Design and realization of microelectronic systems using VLSI/ULSI technologies require close collaboration among scientists and engineers in the fields of systems architecture, logic and circuit design, chips and wafer fabrication, packaging, testing, and systems applications. Generation of specifications, design, and verification must be performed at all abstraction levels, including the system, register-transfer, logic, circuit, transistor, and process levels.

To address this critical area through a common forum, the IEEE Transactions on VLSI Systems was founded. The editorial board, consisting of international experts, invites original papers which emphasize the novel system integration aspects of microelectronic systems, including interactions among system design and partitioning, logic and memory design, digital and analog circuit design, layout synthesis, CAD tools, chips and wafer fabrication, testing and packaging, and system level qualification. Thus, the coverage of this Transactions focuses on VLSI/ULSI microelectronic system integration.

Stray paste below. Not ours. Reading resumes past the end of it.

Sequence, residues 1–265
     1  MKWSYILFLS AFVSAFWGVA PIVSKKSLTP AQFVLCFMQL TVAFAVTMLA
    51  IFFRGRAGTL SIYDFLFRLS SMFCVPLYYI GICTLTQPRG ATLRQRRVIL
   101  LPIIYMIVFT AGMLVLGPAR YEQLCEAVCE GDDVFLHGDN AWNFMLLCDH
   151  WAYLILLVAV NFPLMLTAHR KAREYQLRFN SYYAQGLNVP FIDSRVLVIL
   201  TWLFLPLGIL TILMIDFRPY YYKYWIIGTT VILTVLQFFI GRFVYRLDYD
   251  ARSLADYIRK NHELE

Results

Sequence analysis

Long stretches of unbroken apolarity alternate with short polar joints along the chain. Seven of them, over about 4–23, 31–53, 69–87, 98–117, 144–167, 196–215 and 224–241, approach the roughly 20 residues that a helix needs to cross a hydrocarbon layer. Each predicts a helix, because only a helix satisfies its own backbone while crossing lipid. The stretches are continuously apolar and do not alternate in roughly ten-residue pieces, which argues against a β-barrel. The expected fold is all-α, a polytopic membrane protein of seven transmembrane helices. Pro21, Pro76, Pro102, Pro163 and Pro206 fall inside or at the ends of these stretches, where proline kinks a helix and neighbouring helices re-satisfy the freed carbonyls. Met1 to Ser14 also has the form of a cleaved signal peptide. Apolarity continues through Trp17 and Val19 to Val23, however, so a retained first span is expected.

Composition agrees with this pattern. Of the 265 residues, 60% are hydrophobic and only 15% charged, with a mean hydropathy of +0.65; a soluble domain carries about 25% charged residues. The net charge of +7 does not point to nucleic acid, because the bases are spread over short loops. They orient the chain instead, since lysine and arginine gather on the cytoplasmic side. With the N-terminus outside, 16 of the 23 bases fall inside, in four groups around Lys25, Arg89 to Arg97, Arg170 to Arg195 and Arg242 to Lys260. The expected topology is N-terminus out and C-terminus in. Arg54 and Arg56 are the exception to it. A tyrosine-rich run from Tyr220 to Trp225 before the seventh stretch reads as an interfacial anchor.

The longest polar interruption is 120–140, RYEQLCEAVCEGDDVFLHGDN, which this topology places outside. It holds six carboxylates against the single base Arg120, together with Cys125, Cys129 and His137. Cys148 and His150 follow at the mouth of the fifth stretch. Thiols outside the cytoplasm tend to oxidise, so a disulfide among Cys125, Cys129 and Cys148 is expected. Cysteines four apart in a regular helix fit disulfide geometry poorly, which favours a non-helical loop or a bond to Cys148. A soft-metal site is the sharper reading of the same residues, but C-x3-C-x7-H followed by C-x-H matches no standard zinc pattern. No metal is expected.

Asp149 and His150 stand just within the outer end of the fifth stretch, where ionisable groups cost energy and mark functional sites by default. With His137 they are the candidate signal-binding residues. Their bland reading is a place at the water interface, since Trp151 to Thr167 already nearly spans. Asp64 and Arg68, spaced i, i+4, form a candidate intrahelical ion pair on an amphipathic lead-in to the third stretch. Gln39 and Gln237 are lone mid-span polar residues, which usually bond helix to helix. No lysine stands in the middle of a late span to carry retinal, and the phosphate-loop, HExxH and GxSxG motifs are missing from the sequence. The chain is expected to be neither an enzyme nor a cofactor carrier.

Topics of special interest include, but are not strictly limited to, the following: • System Specification, Design and Partitioning, • System-level Test, • Reliable VLSI/ULSI Systems, • High Performance Computing and Communication Systems, • Wafer Scale Integration and Multichip Modules (MCMs), • High-Speed Interconnects in Microelectronic Systems, • VLSI/ULSI Neural Networks and Their Applications, • Adaptive Computing Systems with FPGA components, • Mixed Analog/Digital Systems, • Cost, Performance Tradeoffs of VLSI/ULSI Systems, • Adaptive Computing Using Reconfigurable Components (FPGAs) 

Full Aims & Scope

Meet Our Editors

Editor-in-Chief

Krishnendu Chakrabarty
Department of Electrical Engineering
Duke University
Durham, NC 27708 USA
Krish@duke.edu